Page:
As for the Timbers, the pass pulls both Jorge Villafana and Wallace toward Molino. Although it’s understandable that the Timbers want to react to Molino in this situation (it’s not an area of the field in which you want to let a player pick his head up), the fact that Wallace and Villafana don’t communicate about who is going to step bends the Timbers out of shape. Molino is Villafana’s mark, so it makes some sense to have the left back step up, but only if his winger is covering for him. But, as things appear in this frame, the Timbers don’t look like they’ll be punished.

Again, though, where’s Ramos?

Molino plays the easy combination to the now-open Kaka - who, unfortunately for the Timbers, knows exactly where Ramos is. For the first time in a few frames Wallace knows where Ramos is, too, but by now it’s too late. All the central activity has played on Wallace’s urges to help defensively and, as a result, he’s lost track of his primary job defensive job as a winger - cover his fullback from overlapping runs.

The result is Ramos being released into way, way, way too much space on the byline, allowing him to play a very dangerous ball into the box. Fortunately for the Timbers Ramos’s cross leaves something to be desired, as he cuts it back a yard too deep for Cyle Larin to try to get on the end of it.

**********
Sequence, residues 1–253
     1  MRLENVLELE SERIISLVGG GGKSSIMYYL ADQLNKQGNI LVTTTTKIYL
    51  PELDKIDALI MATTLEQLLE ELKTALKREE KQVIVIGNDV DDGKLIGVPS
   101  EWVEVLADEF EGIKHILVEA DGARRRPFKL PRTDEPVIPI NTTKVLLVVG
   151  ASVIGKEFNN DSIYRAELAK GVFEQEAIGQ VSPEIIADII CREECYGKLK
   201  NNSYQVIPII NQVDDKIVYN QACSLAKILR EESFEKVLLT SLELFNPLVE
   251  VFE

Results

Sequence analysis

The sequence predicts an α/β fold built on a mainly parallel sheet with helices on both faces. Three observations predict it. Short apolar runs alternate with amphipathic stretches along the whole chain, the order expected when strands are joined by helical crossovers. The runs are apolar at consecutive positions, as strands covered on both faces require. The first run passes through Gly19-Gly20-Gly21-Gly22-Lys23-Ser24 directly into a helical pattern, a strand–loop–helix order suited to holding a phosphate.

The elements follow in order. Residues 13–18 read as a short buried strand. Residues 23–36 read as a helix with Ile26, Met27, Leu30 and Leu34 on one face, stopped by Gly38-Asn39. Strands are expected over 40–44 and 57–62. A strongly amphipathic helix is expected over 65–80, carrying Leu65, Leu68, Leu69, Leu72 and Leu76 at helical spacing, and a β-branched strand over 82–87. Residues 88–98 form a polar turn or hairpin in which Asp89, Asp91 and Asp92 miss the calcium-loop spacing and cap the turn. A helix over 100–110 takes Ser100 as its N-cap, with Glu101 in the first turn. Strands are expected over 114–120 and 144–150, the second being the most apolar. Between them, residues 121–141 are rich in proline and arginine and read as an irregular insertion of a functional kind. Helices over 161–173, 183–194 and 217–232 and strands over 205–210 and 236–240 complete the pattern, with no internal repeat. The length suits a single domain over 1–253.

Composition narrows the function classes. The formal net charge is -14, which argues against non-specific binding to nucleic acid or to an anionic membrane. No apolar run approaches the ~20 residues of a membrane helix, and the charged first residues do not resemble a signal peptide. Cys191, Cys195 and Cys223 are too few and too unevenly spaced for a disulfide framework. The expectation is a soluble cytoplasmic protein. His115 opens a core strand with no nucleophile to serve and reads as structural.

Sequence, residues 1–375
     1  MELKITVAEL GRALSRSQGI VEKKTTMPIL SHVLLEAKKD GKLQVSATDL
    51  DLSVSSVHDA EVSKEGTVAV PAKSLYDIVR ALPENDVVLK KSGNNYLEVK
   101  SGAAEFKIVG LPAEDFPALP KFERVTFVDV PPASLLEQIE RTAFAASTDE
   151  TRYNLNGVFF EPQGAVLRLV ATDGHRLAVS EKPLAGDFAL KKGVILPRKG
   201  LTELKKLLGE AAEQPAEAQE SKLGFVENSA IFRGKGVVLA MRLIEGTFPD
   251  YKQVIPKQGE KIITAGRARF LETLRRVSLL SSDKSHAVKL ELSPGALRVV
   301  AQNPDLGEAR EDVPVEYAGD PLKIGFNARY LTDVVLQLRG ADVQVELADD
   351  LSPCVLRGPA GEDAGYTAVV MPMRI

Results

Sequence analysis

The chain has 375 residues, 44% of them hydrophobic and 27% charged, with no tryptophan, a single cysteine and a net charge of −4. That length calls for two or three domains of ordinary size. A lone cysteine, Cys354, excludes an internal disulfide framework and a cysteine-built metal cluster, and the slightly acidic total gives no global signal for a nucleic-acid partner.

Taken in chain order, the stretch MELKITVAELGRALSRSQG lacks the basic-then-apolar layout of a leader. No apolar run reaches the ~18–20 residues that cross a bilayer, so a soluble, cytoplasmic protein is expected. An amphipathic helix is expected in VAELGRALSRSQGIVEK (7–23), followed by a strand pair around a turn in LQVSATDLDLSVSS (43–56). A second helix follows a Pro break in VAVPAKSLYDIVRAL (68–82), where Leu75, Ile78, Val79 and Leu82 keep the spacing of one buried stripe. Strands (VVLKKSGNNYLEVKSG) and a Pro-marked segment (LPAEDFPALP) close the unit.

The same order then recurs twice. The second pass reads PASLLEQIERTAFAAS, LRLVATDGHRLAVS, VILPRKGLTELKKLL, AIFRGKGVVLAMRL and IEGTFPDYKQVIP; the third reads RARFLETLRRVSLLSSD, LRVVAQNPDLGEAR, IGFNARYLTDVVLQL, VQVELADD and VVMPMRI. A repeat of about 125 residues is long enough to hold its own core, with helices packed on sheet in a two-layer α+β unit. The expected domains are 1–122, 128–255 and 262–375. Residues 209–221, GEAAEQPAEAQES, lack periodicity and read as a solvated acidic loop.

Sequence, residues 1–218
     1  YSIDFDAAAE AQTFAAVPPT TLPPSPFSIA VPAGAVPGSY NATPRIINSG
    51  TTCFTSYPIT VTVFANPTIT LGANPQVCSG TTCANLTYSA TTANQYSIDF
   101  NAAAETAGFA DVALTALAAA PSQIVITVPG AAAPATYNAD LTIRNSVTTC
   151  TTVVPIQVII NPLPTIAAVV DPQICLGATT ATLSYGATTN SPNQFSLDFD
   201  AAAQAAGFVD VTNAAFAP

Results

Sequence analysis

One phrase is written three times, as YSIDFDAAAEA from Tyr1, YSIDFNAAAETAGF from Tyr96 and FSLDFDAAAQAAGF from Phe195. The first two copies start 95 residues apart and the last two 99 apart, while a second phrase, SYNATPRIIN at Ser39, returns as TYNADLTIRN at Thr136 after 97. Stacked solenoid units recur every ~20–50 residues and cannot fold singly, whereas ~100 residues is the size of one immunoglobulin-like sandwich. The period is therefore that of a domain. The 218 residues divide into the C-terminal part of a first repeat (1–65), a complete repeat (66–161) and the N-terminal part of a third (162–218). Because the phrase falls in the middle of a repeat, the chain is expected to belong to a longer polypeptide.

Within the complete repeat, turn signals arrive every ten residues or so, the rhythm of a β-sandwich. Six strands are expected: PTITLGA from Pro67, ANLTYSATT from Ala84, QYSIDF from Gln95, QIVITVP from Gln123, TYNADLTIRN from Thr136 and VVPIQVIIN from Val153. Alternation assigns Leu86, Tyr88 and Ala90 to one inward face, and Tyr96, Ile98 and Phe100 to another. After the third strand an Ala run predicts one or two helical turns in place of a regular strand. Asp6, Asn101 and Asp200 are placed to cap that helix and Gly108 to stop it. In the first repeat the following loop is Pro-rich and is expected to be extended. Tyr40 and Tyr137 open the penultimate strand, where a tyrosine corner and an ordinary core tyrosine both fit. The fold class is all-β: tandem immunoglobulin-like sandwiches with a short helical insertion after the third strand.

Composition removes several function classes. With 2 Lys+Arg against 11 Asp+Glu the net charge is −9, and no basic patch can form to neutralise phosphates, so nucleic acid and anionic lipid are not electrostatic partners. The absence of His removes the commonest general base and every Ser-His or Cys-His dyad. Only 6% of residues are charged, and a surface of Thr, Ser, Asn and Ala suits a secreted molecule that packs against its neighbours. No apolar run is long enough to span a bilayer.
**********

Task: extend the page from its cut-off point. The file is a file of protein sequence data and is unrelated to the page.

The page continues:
But, lack of final ball quality notwithstanding, as the passing schematic of the sequence demonstrates, this is a great example of how the Lions used committing players to central areas to collapse the Portland defense and open the Timbers’ left flank in the first half. To be sure, this wouldn’t have been as easy for Orlando if Wallace had been more aware of Ramos’s threat or if Villafana and Wallace had communicated, but the five players (Okugo, Higuita, Ceren, Kaka, and Molino) Orlando City committed to central areas were too much of a siren song for Wallace to turn away from.

So what does this mean for the Timbers heading into New York City this weekend?

Well, it depends on who Jason Kreis has available for selection on Sunday. If David Villa is available to play as a second forward (he was pulled at halftime midweek against Philadelphia with what was reported to be a hamstring strain), it’s easy to see how NYCFC could create a similar overload with Villa stepping back into midfield as a playmaker. Moreover, Kreis has some selection issues at fullback, with both Josh Williams and Shay Facey also questionable against the Timbers.

But Kreis undoubtedly took note of the Timbers’ difficulty keeping their shape in the face of central buildup, and, with the right personnel, a narrow diamond isn’t a bad setup to exploit that once again.

If NYCFC looks to create a similar dynamic, the Timbers will have to take extra care to cover central spaces while keeping track of overlappers. And whether that can be done with Fochive in central midfield and a struggling Rodney Wallace on the left wing is certainly on Caleb Porter’s mind.